On Sunday afternoon, a gunman stormed a bar/arcade in Jacksonville, Florida, killing people attending a Madden NFL video game tournament.
Tournaments such as the one in Jacksonville are part of a growing global trend — eSports, or competitive video gaming.
What are eSports?
eSports is the broad term that encompasses any sort of competitive video gaming. The tournaments and leagues are often hosted by video game studios — EA Sports, the maker of Madden NFL 19, was hosting the tournament in Jacksonville on Sunday.
Early eSports tournaments focused on niche games and attracted mainly hard-core gamers as spectators, but that didn't stop spectators from turning out in droves. eSports has sold out arenas in China, Japan and even in the US as spectators watched the best of the best play games like World of Warcraft, League of Legends and Overwatch.
But in the past few years, eSports has been going mainstream.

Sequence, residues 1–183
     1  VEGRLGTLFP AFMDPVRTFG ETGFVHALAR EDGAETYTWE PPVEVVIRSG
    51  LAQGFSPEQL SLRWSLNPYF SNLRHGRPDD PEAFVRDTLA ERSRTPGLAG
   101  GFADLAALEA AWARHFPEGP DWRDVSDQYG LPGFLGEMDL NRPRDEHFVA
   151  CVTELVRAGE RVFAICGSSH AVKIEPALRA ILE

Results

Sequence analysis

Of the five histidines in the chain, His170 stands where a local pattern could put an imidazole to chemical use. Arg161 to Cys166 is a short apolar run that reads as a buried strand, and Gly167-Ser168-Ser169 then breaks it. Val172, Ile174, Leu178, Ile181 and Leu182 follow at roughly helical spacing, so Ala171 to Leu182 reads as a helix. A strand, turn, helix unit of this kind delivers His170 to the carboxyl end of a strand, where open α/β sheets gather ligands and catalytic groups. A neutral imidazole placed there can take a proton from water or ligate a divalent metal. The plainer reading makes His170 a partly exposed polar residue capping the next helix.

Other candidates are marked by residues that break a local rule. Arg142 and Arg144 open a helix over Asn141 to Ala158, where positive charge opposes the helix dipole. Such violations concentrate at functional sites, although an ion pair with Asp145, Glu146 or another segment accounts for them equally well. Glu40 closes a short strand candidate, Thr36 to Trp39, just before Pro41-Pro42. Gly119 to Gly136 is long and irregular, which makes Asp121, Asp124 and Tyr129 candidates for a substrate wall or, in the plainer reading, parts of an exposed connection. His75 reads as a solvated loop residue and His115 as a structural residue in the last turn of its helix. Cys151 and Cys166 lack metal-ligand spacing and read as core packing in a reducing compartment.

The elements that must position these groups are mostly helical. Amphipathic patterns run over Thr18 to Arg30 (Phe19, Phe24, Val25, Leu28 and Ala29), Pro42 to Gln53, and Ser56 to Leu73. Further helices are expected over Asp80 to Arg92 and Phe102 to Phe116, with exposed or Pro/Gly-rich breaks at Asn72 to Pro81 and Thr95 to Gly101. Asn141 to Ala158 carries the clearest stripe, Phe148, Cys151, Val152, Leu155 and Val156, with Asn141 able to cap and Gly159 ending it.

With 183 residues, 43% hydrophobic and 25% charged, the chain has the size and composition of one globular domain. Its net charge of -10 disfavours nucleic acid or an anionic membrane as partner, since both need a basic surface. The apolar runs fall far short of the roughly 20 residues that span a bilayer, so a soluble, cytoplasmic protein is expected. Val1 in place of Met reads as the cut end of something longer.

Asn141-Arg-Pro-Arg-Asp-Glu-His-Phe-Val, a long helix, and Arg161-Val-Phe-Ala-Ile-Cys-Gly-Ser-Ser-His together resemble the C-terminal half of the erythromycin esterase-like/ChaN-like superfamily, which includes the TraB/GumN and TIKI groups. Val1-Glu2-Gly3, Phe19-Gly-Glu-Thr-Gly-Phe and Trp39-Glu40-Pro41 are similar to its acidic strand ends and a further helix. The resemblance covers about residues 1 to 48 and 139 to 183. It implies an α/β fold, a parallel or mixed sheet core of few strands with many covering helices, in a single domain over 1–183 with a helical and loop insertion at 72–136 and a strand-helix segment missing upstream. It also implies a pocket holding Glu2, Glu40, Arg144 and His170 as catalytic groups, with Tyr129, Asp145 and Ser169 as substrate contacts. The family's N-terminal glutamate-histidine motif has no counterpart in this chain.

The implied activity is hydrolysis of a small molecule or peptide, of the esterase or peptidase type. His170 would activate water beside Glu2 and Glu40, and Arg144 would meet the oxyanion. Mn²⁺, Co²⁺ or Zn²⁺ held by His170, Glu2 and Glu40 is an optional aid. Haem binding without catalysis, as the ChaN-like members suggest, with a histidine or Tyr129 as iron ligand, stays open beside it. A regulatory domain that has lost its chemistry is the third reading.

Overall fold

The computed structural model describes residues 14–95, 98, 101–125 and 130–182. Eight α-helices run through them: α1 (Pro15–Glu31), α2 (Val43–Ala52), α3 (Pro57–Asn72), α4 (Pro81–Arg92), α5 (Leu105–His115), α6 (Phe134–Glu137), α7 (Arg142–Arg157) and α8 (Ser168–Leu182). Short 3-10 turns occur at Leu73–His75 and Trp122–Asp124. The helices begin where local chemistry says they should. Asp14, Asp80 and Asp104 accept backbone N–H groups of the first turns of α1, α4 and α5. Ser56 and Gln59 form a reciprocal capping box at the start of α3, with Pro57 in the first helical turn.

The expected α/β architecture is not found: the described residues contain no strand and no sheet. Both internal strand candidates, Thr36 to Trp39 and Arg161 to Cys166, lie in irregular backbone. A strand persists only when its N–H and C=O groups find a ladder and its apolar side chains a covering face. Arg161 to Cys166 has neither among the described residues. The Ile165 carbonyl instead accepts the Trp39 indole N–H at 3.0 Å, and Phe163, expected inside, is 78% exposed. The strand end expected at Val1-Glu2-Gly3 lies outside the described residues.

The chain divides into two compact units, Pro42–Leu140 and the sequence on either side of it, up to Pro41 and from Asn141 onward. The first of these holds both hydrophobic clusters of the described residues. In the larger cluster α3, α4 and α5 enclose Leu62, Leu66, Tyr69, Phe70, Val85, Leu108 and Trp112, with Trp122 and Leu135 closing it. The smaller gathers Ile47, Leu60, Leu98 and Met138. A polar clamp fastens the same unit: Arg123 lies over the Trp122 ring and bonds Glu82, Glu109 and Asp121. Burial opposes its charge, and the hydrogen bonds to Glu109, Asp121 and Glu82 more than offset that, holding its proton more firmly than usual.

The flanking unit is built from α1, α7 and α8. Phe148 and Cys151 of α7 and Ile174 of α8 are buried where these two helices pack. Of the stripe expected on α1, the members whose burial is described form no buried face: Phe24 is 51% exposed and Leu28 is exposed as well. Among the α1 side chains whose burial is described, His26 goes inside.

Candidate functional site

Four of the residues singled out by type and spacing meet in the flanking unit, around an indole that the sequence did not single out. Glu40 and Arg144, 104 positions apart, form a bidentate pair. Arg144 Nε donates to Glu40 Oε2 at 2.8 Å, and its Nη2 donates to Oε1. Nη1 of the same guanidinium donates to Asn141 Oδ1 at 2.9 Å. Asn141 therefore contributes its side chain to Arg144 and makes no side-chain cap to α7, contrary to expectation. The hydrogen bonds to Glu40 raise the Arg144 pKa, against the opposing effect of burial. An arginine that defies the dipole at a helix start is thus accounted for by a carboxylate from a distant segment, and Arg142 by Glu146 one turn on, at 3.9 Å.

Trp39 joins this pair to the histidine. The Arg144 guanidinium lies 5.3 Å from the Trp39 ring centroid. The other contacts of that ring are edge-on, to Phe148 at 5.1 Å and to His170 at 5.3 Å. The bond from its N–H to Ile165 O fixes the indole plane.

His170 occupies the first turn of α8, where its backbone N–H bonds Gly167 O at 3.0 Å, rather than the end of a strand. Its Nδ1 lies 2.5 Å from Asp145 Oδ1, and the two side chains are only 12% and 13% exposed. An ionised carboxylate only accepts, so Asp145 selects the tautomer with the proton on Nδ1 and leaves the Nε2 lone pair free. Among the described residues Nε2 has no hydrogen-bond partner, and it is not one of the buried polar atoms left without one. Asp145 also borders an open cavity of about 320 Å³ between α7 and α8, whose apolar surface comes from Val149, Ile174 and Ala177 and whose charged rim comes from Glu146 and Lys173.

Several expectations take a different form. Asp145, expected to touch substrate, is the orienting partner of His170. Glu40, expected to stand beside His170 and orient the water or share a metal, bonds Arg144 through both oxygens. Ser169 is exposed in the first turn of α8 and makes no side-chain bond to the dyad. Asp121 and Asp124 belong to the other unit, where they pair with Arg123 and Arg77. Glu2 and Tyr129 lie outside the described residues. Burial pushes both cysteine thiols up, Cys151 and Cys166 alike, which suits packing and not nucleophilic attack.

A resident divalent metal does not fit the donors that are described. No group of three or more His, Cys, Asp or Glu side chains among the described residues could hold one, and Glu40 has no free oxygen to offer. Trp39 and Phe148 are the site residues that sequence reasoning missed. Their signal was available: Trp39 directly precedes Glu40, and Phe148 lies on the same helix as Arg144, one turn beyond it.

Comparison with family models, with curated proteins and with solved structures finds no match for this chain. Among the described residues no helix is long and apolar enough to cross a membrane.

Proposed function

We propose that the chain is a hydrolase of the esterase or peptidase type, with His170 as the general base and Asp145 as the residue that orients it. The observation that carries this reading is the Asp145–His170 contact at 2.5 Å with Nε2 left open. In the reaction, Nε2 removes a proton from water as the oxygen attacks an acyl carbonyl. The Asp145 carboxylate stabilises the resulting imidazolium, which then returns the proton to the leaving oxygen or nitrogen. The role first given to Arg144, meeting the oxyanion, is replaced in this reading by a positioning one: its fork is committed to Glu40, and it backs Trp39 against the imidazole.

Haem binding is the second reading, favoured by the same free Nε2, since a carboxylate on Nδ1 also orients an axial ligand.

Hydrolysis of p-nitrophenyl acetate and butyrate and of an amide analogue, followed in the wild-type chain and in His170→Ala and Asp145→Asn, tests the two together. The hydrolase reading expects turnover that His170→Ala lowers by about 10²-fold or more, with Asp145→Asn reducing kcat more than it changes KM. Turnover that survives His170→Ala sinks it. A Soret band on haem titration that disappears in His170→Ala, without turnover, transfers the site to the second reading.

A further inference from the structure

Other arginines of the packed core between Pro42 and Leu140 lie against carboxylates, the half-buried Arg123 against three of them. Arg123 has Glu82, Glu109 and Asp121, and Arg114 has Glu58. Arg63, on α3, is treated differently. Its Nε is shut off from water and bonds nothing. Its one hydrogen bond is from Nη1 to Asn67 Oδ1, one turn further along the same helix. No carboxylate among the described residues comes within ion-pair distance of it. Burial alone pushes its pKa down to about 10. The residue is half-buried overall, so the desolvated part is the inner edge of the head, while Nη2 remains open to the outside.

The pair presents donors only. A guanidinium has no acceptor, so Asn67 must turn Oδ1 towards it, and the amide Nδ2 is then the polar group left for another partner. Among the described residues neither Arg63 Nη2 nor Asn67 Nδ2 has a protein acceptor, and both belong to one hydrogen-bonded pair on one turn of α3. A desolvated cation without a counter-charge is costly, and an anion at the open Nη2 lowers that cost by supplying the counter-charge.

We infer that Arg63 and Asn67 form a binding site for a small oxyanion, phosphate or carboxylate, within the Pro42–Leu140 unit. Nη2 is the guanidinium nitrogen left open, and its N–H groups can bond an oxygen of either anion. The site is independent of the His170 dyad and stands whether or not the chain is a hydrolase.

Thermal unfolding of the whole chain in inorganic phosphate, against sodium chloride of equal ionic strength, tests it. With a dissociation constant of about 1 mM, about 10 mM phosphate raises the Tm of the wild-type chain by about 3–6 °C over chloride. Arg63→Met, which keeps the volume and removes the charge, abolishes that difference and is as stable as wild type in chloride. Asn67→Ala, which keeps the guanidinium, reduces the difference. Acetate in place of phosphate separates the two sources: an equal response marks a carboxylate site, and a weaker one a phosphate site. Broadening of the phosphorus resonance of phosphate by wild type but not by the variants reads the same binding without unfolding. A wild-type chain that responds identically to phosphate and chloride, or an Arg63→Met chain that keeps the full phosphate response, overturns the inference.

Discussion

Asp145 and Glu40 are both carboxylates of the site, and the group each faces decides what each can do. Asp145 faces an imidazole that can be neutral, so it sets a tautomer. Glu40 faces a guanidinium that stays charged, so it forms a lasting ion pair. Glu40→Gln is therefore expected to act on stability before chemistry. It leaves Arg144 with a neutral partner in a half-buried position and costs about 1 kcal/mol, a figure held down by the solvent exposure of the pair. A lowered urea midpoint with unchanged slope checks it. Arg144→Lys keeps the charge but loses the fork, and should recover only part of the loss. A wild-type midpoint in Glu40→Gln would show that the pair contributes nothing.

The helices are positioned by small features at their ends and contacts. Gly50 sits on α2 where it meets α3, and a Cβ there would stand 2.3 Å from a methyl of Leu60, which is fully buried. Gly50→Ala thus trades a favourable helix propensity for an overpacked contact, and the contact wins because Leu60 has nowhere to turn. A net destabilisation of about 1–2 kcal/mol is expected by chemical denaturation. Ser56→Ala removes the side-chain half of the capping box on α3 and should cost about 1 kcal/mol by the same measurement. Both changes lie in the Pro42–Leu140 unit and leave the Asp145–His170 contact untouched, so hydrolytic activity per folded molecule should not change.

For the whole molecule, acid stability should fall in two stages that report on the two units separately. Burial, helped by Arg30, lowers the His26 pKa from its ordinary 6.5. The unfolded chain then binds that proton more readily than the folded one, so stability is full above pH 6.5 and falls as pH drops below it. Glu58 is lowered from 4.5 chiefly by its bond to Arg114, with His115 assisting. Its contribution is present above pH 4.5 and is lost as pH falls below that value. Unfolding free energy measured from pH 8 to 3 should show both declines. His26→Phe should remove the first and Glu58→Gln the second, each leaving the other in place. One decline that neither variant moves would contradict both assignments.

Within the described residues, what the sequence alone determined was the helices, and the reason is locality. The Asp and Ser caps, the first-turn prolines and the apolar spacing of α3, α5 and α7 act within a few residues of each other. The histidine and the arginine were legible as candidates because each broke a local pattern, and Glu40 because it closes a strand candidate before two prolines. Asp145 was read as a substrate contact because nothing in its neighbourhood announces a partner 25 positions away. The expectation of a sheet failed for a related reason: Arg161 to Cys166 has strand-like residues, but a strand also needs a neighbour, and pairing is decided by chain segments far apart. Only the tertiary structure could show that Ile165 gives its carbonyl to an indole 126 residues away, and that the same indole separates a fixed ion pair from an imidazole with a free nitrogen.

In 2018, the NBA launched the NBA 2K League — a season-long competition featuring gamers playing an NBA video game for teams affiliated with actual NBA franchises. In addition, more than 60 colleges and universities throughout the country have eSports teams, some of which offers scholarships to gamers.
Where are people watching eSports?
The popularity of eSports has exploded in recent years, thanks to the streaming service Twitch. The website allows gamers to live-stream their gaming sessions, and some of the top-ranked gamers play in front of millions of viewers who live stream from their homes.
Swedish gamer PewDiePie has more than 72 million subscribers combined between his Twitch and YouTube channels —despite making controversial comments in past months.
Another gamer, Ninja, regularly gains 50,000 viewers per stream. Reports indicate he makes $500,000 annually by playing games like Fortnite and PlayerUnknown's Battlegrounds.
Sunday's mass shooting in Jacksonville was briefly streamed live on Twitch. Video captured the sounds of gunfire through the players' headsets before the stream was interrupted.
Alex Hider is a writer for the E.W. Scripps National Desk. Follow him on Twitter @alexhider.